Bulletin of the Menninger Clinic 06/2014; 78(2):95-114.
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    ABSTRACT: Many psychoanalysts have offered innovative ideas on the treatment of schizophrenic patients, but none on postpsychotic depression. The author presents a psychoanalytic conceptualization of postpsychotic depression based on Kohut's ideas regarding the development of normal and pathological grandiosity. The main premise is that postpsychotic depression stems from the loss of psychotic grandiosity, and that it is the psychological reaction to the loss of omnipotent identity whose role it is to provide an alternative reality. Through near-experience connectedness, clinicians and practitioners in the psychiatric rehabilitation field can facilitate an empathic milieu in which new mental constructs can be established and new behavioral skills can be learned.
    Bulletin of the Menninger Clinic 03/2014; 78(1):70-86.
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    ABSTRACT: The authors' clinical experience with young girls with Mayer-Rokitansky-Kuster-Hauser syndrome (MRKH), who are facing the often hastily suggested, and accepted, surgical treatment of vaginal reconstruction brings new light to the question of female sexuality and its specific modes of access: its traumatic aspects, the mother-daughter conflict of ambivalence and the associated risk of depression, as well as the importance of the relational factor in the construction of bodily interiority.
    Bulletin of the Menninger Clinic 03/2014; 78(1):57-69.
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    ABSTRACT: This article proposes an understanding of children with reactive attachment disorder (RAD) through psychoanalytic thought and mentalization theory. RAD is presented followed by a discussion on attachment and the need for a better understanding of this disorder. Theories from British psychoanalytic thinkers are used to describe what might be transpiring in the early relationship between mother and child. Particular attention is given to how children's internal objects are influenced by a compromised early mother-child relationship.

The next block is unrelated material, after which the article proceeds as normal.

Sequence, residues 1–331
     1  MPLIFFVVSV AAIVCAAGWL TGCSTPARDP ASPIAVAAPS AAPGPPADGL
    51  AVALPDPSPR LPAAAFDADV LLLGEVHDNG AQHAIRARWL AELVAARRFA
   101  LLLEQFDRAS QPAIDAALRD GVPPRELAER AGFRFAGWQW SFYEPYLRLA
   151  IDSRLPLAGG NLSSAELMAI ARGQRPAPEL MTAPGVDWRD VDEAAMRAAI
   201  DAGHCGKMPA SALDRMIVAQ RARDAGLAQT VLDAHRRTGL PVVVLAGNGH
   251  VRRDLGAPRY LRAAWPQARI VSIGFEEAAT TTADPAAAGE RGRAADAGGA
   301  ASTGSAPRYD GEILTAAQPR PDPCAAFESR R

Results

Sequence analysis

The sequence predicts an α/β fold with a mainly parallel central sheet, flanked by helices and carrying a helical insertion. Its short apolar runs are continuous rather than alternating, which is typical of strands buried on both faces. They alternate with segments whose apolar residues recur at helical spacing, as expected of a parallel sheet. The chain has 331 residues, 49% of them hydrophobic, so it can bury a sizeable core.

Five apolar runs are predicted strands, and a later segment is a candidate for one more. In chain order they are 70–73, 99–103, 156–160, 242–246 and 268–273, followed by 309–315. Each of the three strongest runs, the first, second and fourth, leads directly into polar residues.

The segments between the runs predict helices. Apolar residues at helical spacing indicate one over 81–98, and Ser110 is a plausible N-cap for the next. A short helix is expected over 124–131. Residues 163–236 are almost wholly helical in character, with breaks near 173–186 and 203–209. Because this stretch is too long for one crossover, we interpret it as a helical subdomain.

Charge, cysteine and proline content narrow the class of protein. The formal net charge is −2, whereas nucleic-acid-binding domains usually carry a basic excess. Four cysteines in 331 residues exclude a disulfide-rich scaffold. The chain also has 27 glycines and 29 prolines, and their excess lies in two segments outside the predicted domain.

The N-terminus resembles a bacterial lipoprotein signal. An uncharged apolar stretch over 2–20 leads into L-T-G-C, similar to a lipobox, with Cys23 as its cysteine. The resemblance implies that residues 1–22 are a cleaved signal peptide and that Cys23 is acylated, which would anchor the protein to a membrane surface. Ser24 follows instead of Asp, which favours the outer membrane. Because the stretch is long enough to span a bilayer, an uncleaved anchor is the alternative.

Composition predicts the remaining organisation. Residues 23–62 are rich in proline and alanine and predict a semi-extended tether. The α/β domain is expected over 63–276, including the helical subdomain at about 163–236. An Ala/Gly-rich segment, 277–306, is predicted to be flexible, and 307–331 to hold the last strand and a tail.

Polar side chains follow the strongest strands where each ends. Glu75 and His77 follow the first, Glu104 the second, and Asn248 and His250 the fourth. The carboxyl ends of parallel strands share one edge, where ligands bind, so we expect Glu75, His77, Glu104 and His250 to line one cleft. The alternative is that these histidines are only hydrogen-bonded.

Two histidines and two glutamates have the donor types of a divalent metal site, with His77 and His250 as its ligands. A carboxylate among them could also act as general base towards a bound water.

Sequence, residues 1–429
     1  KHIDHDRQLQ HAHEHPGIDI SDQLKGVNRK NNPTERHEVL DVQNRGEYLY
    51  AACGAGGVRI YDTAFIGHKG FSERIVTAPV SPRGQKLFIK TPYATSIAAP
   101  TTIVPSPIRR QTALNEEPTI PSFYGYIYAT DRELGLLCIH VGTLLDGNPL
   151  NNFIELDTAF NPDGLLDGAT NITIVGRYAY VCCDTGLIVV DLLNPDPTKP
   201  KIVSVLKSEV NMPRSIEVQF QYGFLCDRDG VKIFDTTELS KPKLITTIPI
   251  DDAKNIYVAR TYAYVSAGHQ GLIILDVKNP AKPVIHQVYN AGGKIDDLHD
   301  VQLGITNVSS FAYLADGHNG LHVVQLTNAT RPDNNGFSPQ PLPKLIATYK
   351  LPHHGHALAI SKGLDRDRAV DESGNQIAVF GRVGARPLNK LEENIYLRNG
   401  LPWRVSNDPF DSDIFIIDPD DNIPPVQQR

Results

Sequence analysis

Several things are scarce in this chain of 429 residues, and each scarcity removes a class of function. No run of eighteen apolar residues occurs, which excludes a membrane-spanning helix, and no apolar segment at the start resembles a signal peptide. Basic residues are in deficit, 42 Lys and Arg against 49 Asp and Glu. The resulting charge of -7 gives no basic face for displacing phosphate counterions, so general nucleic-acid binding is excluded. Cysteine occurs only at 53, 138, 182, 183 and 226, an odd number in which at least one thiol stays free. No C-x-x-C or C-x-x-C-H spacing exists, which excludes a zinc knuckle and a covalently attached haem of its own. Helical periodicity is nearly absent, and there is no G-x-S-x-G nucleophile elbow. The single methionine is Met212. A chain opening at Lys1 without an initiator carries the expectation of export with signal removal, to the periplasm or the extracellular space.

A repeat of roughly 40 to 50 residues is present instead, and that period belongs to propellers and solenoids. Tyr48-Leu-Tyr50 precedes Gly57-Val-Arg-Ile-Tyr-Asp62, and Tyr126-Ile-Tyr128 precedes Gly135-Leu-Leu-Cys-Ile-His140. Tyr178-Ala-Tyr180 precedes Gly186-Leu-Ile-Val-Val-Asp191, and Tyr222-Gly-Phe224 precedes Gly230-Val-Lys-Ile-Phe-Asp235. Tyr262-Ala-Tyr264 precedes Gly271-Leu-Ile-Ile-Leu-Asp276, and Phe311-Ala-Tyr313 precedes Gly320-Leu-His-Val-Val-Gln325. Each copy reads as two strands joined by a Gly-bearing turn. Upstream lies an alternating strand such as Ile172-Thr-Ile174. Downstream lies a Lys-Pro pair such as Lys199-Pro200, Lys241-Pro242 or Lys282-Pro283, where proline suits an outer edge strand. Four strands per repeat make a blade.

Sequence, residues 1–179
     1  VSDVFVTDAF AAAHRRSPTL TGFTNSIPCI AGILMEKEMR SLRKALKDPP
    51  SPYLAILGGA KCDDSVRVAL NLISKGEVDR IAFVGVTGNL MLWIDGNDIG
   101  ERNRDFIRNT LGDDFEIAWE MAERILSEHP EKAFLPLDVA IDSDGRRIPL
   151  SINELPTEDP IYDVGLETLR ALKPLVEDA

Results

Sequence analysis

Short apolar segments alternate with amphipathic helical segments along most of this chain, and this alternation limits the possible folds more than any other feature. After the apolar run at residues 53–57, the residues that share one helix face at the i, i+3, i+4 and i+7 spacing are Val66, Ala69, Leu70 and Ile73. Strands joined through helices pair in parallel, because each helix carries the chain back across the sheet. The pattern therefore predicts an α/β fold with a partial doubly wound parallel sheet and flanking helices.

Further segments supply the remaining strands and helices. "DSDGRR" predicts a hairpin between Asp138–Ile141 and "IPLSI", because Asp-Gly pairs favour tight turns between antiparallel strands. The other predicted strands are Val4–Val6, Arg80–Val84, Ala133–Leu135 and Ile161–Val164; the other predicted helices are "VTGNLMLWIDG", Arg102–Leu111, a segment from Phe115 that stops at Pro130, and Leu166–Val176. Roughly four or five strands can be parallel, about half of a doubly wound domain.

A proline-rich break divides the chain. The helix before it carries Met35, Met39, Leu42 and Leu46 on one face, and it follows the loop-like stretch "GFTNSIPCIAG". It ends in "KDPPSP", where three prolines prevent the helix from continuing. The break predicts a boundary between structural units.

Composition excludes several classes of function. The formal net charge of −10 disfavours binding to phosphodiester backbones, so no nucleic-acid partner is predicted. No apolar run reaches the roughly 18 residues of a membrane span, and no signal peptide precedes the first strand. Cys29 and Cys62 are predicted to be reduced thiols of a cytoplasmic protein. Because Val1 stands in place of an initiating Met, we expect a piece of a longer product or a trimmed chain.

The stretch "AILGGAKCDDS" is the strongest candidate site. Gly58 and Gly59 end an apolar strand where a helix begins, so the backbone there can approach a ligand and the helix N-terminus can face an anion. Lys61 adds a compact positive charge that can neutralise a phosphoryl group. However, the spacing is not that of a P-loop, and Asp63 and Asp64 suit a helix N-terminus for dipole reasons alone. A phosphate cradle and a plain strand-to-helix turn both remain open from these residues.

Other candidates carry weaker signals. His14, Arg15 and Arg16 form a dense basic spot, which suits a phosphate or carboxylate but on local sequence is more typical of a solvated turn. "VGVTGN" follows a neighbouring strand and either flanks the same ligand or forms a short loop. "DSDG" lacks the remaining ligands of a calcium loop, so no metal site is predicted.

Bulletin of the Menninger Clinic 03/2014; 78(1):34-56.
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    ABSTRACT: Interpersonal trust is fundamental for the recovery of trauma survivors and the effectiveness of group psychotherapy. Yet there is limited research on the relationship between interpersonal trust and group psychotherapy. Twenty-one male Vietnam combat veterans with posttraumatic stress disorder (PTSD) (6 in a long-term process group [LTP], 10 in a short-term cognitive processing therapy group [CPT], and 5 treatment-as-usual controls) were evaluated before and after group psychotherapy using the Posttraumatic Stress Disorder Checklist-Military Version (PCL-M) and an in-vivo measure of interpersonal trust, the Iterated Trust Game. Three (14.3%) of the veterans were African American, 9 were Caucasian (42.9%), and 9 were Hispanic (42.9%); they averaged 61.9 years of age (SD = 1.8 years). Change in PCL-M scores differed by group (controls: -1.0 ± 3.7; CPT: -15.5 ± 6.8; LTP: -1.3 ± 12.2; p = .003). CPT group subjects improved more than controls (p < .001) and trended toward more improvement than the LTP group (p = .081). Members of the LTP group, compared to nonprocess group participants, showed greater initial (p = .042), and posttherapy trust (p = .003). Posttreatment, interpersonal trust was significantly higher in the LTP than the CPT group (p < .001). These results suggest that CPT treatment may be better than LTP treatment for improving PTSD symptoms, but LTP therapy may be better than CPT therapy for improving interpersonal trust in veterans with PTSD. They suggest important roles for both group treatments and point to the value of interpersonal trust in successful recovery from PTSD.
    Bulletin of the Menninger Clinic 01/2014; 78(4):335-48.